Originally published in 1982 this books author, Bill Gardner, takes a whole year off work to attempt to catch a giant muskie. Sounds like a dream come true but as you read through the book which is written in a journal or diary format you quickly find out that even in the re-known big fish waters of the the area there is a ton of frustrations, failed attempts, and week long streaks without fish being caught. At this time catch & release was still being adopted and a lot (nearly all) big fish was killed to be showcased around town and registered for annual big fish contests within the county. This is also the age when now legendary fishing personality Joe Bucher was starting out guiding and was a known stick in the area.
Despite the lack of catching in this year long hunt for a giant muskie some interesting stats and stories do come out that highlight just how difficult muskie fishing can be. Regardless of if you were the best guide around or a weekend warrior out as much as you can catching a ski requires putting in your time. But, no matter what, someone, somewhere, is always able to get them to bite; it was true in 1982 and it's true now. While technology has advanced, allowing anglers to be more efficient on the water (mapping software, trolling motors, electronics), and we have a better understanding of muskie behaviour in general; muskie have and will always be difficult to catch. This is evident in the stats from the book below:
- Musky Classic Weekend: 600 Anglers, 2.5 Days, only 30 keepers caught
- From Classic numbers they figure muskie is actually a fish every 25,000 casts & trophy is far more than this
- Dick Rose (local trolling wizard guide) known for putting his clients on giant muskie says he averages one muskie for every 29 hours of trolling (Roughly 3 x 10 hour work days) even longer than it would take to cast one up but it covers different water
The most obvious tip in the whole book is a simple but often overlooked one - watch your shadow! Fish were following and darting off as they came close to the boat. Bill decided to crouch in the boat as he retrieved his baits and was able to get the fish to follow into the figure 8 and generate a strike. While we don't think you need to crouch on your retrieve we do think that anglers can take sun position into consideration while setting up on a fishing spot to avoid their shadow extending into where you are planning on casting to avoid these situations of spooking them.
There is very little mention of what our authors strategy was other than focusing his fishing on 5 main lakes near Boulder Junction, Wisconsin (Papoosh, Birch, Big, Crab, Michigan, & "6 Muskie Lake"). Based on the timeline, lack of mapping / electronics, and general indications in the book offshore fishing was not practical or executed much in this book. Some open water trolling occurred, and the biggest ski's of the season were captured this way, but not by our author. These fish were few and far between but always big. While there is not much information on how these lakes were approached some assumptions can be made based on the detail that was recorded by Bill. Now that we have access to satellite imagery, mapping, and Muskie are better understood we can review how this year went and try to understand where our author went wrong and why he was successful at times but not others.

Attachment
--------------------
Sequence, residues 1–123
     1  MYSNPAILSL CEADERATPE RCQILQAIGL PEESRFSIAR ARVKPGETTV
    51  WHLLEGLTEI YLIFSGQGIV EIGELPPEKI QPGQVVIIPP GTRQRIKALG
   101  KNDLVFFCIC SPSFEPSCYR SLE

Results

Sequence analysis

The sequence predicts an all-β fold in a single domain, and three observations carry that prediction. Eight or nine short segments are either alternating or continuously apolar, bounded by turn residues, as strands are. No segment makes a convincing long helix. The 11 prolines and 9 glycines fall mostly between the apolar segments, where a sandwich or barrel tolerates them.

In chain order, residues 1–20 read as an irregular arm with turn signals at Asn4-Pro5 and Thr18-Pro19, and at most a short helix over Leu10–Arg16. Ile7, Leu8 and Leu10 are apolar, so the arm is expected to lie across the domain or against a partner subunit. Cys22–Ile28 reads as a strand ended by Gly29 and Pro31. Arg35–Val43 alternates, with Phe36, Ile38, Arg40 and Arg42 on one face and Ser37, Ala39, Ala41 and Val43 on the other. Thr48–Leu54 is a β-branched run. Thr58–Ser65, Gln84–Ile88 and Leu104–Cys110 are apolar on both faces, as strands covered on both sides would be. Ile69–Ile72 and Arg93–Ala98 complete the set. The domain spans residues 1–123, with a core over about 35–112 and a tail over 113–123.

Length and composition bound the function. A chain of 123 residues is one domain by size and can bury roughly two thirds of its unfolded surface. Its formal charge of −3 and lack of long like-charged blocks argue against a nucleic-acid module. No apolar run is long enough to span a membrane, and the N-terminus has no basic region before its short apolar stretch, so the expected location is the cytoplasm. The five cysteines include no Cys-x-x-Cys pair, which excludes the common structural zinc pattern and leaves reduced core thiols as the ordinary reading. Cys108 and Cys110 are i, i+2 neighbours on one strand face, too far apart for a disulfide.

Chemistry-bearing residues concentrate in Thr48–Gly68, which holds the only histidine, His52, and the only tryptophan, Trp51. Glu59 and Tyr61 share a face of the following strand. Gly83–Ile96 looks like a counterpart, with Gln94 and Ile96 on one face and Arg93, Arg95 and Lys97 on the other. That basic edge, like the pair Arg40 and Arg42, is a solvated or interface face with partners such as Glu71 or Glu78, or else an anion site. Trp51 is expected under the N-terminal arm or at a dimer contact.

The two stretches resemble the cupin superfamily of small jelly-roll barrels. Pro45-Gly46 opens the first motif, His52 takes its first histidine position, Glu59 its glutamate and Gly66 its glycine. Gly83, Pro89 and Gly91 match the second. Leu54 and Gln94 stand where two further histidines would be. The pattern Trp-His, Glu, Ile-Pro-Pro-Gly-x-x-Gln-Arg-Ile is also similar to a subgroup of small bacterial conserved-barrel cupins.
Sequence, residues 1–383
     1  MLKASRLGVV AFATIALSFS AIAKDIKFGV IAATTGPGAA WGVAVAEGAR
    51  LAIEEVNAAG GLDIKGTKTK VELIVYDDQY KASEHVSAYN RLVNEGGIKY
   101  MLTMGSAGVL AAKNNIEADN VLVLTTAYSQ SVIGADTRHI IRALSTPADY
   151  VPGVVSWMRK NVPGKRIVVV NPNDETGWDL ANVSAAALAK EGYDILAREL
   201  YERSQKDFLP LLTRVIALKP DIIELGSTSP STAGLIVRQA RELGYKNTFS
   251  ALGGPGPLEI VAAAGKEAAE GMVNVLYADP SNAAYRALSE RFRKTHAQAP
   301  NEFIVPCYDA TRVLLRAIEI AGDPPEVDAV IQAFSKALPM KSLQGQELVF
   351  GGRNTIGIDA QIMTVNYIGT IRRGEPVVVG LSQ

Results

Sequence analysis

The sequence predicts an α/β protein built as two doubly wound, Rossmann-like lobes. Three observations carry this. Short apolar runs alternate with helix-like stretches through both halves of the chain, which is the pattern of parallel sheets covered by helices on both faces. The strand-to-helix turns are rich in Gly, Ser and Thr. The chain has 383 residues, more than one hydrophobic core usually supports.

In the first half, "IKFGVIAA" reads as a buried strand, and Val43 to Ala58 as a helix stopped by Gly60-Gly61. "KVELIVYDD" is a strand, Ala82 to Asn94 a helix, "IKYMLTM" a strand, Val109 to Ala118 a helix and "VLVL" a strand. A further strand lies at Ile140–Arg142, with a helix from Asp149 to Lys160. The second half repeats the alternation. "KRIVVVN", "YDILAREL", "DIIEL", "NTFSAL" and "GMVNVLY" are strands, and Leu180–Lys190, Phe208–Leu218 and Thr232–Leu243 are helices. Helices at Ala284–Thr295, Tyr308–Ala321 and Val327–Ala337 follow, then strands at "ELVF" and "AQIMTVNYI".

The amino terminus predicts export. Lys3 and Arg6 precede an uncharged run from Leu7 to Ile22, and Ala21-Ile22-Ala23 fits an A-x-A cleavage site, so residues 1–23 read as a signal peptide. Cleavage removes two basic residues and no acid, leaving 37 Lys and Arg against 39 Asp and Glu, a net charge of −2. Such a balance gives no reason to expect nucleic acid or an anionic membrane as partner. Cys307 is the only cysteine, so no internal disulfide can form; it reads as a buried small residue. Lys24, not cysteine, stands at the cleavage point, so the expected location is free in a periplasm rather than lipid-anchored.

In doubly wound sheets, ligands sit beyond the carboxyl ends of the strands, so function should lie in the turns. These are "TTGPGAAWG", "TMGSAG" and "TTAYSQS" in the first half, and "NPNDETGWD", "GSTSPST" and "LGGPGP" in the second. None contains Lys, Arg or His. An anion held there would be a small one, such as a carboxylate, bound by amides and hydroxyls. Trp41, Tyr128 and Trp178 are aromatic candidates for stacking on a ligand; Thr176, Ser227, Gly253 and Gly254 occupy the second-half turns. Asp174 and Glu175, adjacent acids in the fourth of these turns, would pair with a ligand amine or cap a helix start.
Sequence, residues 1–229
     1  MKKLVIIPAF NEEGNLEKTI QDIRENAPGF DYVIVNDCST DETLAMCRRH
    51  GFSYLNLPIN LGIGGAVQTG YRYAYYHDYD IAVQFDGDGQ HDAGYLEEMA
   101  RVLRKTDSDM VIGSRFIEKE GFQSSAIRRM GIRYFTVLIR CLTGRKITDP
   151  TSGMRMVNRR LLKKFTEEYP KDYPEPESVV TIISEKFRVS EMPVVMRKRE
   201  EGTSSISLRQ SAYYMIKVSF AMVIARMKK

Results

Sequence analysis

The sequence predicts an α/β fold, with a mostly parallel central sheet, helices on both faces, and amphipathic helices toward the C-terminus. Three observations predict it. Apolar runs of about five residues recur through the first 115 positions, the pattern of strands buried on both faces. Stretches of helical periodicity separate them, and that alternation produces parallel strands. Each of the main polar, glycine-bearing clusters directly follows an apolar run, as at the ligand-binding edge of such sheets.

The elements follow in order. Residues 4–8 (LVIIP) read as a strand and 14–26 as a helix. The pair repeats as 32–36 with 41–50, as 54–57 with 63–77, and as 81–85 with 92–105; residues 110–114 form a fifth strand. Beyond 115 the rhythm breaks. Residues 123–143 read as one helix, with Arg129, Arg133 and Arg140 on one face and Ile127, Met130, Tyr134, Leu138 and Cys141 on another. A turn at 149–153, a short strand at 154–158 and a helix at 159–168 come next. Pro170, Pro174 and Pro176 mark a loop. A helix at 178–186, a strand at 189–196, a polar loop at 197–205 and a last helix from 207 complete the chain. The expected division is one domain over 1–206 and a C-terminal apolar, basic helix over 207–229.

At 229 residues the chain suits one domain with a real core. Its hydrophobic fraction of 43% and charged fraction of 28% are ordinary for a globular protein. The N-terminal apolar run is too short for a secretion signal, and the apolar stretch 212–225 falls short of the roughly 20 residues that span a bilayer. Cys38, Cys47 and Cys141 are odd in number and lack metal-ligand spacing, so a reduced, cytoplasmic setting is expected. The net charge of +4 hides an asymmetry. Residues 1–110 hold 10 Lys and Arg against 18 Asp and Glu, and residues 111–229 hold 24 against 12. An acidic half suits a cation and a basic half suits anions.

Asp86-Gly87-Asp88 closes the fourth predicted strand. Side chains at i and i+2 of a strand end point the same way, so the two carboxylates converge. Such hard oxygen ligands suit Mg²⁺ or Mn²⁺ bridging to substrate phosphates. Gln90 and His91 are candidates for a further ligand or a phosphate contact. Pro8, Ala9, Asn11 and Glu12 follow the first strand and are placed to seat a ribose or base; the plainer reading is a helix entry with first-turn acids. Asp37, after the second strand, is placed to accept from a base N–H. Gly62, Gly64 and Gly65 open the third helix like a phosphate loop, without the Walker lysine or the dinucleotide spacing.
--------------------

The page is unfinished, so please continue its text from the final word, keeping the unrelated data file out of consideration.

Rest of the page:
Big - 17 of Visits. 1 Keeper, 0 Under
Fish Caught June 4
2 Obvious Spawning Areas, Deep Water, Good Shoreline Mid Range Flats, Little offshore structure to concentrate fish. Max Depth 64 ft.
Big Lake (Cisco Chain) - Few Visits, 1 Keeper, 0 Under
Fish Caught June 21
2 Obvious Spawning Areas. Mostly mid range depths. No offshore structure. Connected to Other Lakes. Max Depth 34 ft. Very good shoreline lake
Birch - 49 Visits. 4 Keepers, 3 Under
Fish Caught June 15, July 1, July 11, August 9, October 6, October 13 (2 Fish Day)
3 Potential Spawning Areas. Shallowest. Offshore and shoreline shallow, mid range, deep water access. Shoreline fishable in all seasons, lots of spots. Max Depth 42 ft.
Crab - 35 Visits. 0 Keepers, 3 Under
Fish Caught May 31, July 26, September 20,
4 Major Spawning Areas. Lots of Islands & Different Basins. Most complex. Lots of mid lake structure offshore. Fish spread out. Shorelines are either supper shallow or to deep water not mid range flats. Lots of offshore mid range flats, pinch points, shoals. Max Depth 65 ft.
Michigan - 40 Visits. 0 Keepers, 1 Under
Not a real name, unable to determine where it was
Papoose- 16 Visits. 2 Keepers, 2 Under
Fish Caught May 11, June 8, June 18, July 7